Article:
July 15, 2013 Update.

One more layer of netting to go.  I'm going to give up on afternoon sewing for the summer and get the work done in the evenings when it's cooler.  I'd rather slow down and do it right, then fight with anything in the heat and humidity and risk a major mess up.  I couldn't even get my doll to stand up for a shape show off photo.  Strings just turn to goo in this weather.  My brain is so cooked, I nearly forgot to add that the waist elastic isn't at the doll's measurement yet.  It's just easier to handle the crinoline with it wide open and then finish waist band last.

July 17, 2013 Update

Finally! All the ruffles are on!  While I didn't want to turn on the steamer to give them a good smoothing down, here are the photos of the crinoline by it's self (once again, my tall skinny guy is stuck with modeling) and with the full weight of the Mephisto cape on it for shape check.

It looks a lot bigger because the cape had to be draped down over the edges of the table, and the weight of four yards of fabric is pushing the hoops a bit to the front, where the gown will be shaped like the panels of the crinoline and conform more.  The over all shape will conform to the paper test in the photos above.  There's a sort of Kuragehime vibe going on with this project, especially with the loops of gathered net trailing from my plastic Japanese clothes hanger while I was working on the crinoline.  How on earth do you sew sitting on the floor unless the machine has an on/off button rather than a foot? O_o

Now for the gown!  ^__^ ! 

July 20, 2013 Update

I've got the gown skirt patterned.  I had a few false starts with the test muslins, but it's done.  Taking the weekend off to let my brain cool down.  O_o

July 23, 2013 Update

With the internet going in and out, it's amazing I can actually get on today.  Probably the fire took out a tower or something.  They never want to admit it.
I'm still patterning, but with the heat it's been a backlog.  Time to just say to hell with the AC bill and go for it.  I'm sure I'll be swearing at the cold in Winter.  Not knowing the back of the gown, I'm going with a matching ellipsis to match the hem.  So the skirt will be as is in the photo in front, and then a slight slop down her spine in back.  I'm trying to find the absolute best way of making the little fabric flowers on all the kanzashi tutorials.

July 27, 2013 Update

I've been fighting a head cold this week (thanks to the man of the house) and the worst seems to be over.  Back on track for the patterning, and hoping to show that everything is cut out by Monday night.

July 19, 2013 Update.

At last!  After a few panic moments with the bust (good lord she's a big doll, I think she's bigger than the Iplehouse EID girls?  I know she is taller in her bare feet.) and then came to my senses.  It's right down the middle, not matter how large the cup size. If you look closely at the top screen left of the cut out bodice pieces, you can see the adjustment for the center front is wider at the bottom than the top, this is to keep the top front from gaping open.  I thought I was screwing up, until I really thought about it and realized, that her bust would expand both vertically and horizontally and then decrease the same way.  Sometimes a gear slips and I have to walk away and then go back to things when they don't make sense.  Been thinking inside the box a bit.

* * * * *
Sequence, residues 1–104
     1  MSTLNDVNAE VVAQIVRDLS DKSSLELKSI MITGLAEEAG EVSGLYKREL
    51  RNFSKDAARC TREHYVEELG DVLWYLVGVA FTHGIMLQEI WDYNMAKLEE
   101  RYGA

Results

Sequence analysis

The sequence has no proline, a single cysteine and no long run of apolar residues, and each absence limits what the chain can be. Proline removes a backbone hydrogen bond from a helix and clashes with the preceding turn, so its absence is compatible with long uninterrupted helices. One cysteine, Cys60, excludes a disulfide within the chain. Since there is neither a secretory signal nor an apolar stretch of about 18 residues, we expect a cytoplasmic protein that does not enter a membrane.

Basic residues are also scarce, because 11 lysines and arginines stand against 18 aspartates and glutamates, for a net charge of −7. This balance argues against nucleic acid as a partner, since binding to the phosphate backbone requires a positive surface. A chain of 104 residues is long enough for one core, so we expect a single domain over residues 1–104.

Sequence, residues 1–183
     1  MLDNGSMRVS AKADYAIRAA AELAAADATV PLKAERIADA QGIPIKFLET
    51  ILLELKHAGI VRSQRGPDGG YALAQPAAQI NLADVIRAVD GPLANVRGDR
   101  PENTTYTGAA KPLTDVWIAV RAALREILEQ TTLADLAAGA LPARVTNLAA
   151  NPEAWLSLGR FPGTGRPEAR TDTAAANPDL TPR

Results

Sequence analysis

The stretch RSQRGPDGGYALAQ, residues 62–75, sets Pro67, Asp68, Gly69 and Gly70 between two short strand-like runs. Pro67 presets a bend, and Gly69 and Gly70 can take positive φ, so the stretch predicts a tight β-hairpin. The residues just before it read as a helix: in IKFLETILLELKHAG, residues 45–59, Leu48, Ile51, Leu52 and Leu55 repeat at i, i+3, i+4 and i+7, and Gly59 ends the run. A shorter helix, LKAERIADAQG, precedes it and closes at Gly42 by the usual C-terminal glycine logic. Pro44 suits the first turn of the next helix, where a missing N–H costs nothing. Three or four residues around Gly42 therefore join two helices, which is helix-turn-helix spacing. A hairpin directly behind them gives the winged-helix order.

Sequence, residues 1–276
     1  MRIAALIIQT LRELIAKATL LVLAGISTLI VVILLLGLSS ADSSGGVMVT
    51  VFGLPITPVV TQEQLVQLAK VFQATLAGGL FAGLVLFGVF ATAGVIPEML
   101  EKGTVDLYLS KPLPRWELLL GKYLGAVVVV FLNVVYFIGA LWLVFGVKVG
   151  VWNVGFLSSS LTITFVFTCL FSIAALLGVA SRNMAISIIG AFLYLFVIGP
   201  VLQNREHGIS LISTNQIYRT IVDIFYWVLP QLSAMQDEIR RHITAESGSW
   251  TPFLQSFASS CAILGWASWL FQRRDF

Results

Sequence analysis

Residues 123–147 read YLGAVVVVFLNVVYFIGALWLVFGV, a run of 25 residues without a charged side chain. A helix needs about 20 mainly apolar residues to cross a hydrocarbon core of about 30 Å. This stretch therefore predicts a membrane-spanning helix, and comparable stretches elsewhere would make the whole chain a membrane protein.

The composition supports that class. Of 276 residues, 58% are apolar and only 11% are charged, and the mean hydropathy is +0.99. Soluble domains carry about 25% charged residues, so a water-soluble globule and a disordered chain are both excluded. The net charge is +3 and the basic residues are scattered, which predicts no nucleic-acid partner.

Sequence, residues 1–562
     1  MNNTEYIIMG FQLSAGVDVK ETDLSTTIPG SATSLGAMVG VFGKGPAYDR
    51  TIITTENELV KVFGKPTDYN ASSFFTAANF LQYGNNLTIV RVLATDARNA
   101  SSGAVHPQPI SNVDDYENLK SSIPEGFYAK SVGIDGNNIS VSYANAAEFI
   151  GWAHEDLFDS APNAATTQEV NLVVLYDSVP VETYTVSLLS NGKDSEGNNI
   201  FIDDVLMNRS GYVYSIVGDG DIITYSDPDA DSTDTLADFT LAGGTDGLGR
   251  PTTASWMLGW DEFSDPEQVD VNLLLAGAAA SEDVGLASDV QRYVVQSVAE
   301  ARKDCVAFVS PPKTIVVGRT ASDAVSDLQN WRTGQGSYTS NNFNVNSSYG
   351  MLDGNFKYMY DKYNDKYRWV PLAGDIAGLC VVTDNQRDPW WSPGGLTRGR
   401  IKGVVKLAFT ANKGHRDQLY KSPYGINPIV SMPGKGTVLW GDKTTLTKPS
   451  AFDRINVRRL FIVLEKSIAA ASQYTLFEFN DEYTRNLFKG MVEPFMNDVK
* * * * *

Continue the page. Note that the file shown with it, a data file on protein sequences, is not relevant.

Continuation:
Because this is such a tight fitting bodice, and I want it absolutely perfect, I've decided to send the customer the lining bodice for a fitting check, which can be lightly marked and sent back, along with a swatch sample of the Kona cotton so that she can see what it's like.  So here is the cut out skirt, which is very long because of the mini-bustles or tucks all over the skirt, and the cut out bleached muslin lining for the bodice.  I'll be mailing that out Wednesday or Thursday, depending on the weather.  It's been nice, but it can get vicious hot fast.

August 2, 2013 Update

I don't know why I thought I'd have to send the lining for a fitting, I crossed some wires in the heat the other day, but it's matching up with the fitting shell quite nicely.  I just need to get the bodice proper cut out and decide how to handle the under bust piping trim, and find the Thread's magazine article I stashed on how to make loop buttons out of cording.  Size 5 embroidery thread is going to make the cording

August 7, 2013 Update

I'm still progressing, just so slowly.  I knew this project would take time, but wasn't anticipating all the little things that add up to getting side tracked and backlogged and everything else.  I'm going to clear the Sherlock project and get back to this one next week.

August 12, 2013 Update.

I had some issues with the lining and just recut the whole thing.  I came up with a hanging storage garment bag idea finally that makes more sense then the one I had in mind.  I'm used to the ones people store certain things in for theater, especially gowns with hoop crinolines.  But this makes more sense for a doll item.  It will show up in the update eventually. I need to ask the customer what colors she would like for the cotton calico storage bag.

The top half is the Kona cotton, with the piping strip there to remind me to put it in between the bust and the abdomen, the lower buried under pattern paper is the bleached muslin.  I just got my sewing machine back from the repair shop so I'm ready to go again.  ^_^